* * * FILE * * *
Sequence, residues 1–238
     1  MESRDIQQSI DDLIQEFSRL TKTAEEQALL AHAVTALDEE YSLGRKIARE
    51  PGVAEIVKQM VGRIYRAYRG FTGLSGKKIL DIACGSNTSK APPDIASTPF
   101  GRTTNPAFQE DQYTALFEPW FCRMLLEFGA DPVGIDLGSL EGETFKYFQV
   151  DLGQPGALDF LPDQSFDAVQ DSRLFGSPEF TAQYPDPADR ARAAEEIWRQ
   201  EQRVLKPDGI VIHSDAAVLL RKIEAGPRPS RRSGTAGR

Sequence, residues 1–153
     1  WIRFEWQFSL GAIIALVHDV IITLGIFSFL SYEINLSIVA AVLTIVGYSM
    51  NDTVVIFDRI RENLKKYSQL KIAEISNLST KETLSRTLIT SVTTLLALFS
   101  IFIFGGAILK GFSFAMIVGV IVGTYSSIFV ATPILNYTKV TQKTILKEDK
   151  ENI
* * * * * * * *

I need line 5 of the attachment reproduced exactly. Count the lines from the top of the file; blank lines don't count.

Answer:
   151  DLGQPGALDF LPDQSFDAVQ DSRLFGSPEF TAQYPDPADR ARAAEEIWRQ